FORT MILL -- Fort Mill school district cheerleaders, ROTC cadets, vocalists and fifth-graders Tuesday night displayed their talents at Nation Ford High School, all to convince the some 200 people in the auditorium that they deserve their votes of confidence in the March 4 school bond referendum.
Keep Our Schools Strong community committee co-chairs Ted Matthews, Lori Hillman and Wayne Bouldin kicked off the bond referendum campaign Tuesday with some statistics, student entertainment and their own version of the TV show "Are You Smarter Than a Fifth-grader?" District fifth-graders, who had done their referendum homework, proved they knew more about the referendum than four audience members, who, not unwittingly, demonstrated that school district students are very smart.
Fort Mill school district residents are being asked to vote on two ballot questions totaling nearly $96 million in the March 4 referendum:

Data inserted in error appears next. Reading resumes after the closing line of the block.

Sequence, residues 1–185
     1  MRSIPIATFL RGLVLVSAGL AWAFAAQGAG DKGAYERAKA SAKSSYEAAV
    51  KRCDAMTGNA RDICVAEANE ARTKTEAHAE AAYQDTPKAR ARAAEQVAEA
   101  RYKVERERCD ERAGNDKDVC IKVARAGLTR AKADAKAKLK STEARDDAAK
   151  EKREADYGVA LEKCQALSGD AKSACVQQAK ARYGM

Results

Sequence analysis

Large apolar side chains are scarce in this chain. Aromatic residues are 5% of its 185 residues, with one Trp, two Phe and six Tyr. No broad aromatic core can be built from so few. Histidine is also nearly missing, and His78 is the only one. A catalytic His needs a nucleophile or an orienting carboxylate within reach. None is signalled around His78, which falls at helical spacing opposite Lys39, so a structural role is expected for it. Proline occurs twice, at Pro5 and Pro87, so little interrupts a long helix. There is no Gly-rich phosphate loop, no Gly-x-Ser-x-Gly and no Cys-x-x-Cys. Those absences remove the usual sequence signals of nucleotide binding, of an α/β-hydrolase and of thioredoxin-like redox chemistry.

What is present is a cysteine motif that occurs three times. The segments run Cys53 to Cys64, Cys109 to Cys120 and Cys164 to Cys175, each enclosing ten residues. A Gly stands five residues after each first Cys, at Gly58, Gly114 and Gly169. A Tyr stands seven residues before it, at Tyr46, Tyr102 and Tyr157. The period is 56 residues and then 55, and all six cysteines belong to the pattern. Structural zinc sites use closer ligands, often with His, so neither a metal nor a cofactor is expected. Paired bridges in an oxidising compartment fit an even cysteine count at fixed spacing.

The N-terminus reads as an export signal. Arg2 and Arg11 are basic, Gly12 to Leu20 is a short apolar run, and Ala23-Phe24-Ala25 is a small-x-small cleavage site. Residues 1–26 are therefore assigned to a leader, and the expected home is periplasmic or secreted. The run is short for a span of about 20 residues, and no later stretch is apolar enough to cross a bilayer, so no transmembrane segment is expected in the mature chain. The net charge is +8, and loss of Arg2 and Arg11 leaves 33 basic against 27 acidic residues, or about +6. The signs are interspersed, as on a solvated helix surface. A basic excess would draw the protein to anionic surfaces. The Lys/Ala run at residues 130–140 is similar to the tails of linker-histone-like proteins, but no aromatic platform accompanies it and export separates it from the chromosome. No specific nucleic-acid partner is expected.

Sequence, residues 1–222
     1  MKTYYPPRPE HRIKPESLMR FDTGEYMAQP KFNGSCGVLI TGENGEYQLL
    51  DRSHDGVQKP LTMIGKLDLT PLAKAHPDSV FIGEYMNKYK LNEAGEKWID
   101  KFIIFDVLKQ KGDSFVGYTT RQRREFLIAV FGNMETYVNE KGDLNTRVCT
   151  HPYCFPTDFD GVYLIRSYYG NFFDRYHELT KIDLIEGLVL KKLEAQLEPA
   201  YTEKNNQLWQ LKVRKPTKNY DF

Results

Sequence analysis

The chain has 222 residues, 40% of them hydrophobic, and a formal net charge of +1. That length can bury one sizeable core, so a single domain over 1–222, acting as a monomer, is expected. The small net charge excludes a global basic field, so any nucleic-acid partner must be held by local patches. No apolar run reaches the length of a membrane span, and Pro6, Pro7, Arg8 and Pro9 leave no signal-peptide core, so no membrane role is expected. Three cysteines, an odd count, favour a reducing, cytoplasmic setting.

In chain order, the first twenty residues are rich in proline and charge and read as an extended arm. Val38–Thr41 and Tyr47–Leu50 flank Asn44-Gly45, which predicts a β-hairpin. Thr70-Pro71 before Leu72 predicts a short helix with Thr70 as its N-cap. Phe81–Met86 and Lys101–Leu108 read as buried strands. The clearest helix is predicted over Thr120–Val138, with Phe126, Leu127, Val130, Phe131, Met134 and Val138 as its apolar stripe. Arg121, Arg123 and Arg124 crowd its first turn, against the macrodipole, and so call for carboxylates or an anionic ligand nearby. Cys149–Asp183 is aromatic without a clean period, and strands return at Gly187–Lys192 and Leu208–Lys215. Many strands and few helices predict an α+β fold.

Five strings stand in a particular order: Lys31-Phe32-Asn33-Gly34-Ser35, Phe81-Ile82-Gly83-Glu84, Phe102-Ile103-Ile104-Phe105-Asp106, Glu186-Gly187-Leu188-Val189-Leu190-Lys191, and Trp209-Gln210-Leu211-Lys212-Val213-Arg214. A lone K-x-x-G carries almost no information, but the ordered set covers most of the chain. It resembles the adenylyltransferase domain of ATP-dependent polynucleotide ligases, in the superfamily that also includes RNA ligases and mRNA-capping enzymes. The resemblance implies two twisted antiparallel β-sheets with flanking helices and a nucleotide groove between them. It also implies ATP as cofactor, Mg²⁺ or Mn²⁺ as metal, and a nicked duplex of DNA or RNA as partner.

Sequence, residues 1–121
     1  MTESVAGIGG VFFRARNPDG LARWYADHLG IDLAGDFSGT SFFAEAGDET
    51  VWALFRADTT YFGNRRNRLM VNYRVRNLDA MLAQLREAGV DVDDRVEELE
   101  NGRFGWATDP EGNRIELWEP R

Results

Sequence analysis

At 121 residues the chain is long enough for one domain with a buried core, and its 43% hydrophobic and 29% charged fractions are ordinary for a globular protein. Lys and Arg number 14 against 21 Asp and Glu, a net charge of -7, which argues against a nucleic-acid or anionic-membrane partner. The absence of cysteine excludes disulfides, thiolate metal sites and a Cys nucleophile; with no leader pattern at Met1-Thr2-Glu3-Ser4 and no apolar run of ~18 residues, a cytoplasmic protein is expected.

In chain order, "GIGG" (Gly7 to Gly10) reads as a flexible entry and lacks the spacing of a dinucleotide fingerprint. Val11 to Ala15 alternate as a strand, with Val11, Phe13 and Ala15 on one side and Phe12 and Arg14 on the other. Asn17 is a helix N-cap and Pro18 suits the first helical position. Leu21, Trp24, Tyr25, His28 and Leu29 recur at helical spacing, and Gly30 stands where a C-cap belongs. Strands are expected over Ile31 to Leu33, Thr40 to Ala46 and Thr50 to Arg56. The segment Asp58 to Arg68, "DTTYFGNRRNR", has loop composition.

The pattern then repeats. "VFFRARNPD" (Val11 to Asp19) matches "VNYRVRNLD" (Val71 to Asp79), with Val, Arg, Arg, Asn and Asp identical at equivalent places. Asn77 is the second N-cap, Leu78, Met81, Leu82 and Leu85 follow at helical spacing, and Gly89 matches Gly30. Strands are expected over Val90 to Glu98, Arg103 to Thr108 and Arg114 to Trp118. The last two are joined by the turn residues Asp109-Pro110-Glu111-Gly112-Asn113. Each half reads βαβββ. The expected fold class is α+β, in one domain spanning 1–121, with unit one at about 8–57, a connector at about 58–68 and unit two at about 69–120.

• The first question seeks about $87.2 million for designing, constructing, equipping and furnishing a fourth middle school and the district's eighth and ninth elementary schools, plus acquiring land for future school sites.
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• The second question asks for about $8.7 million for an additional gymnasium at each of the high schools and a 5,000-seat stadium at Nation Ford High.
Any remaining funds would be used to maintain and improve existing district facilities.
"Classes are being held on stages and in storage rooms," Bouldin told the crowd. "Some sports teams begin practice as early as 6 a.m. Some don't leave until 9 p.m."
The committee estimates that for every $100,000 of a property's assessed valuation, passage of Question 1 would cost the property owner about $50 a year, and passage of Question 2 about $5 more a year.
The committee has been planning and fundraising for about two months and garnered about 50 volunteers, Hillman said. More people signed up and took yard signs home Tuesday night.
Some people also made pledges Tuesday to contribute to the committee fundraising effort. The committee has raised about $20,000 of the $30,000 to $40,000 the group estimates it will cost to print brochures, buy advertisements and other efforts, Matthews said.
They are seeking volunteers to head neighborhood committees.
"We hope to get everybody engaged," Matthews said. "Anybody who wants us to make a presentation to your group, please contact us."
More information can be found on the group's Web site, www.keepourschoolsstrong.com, or by calling 547-1016.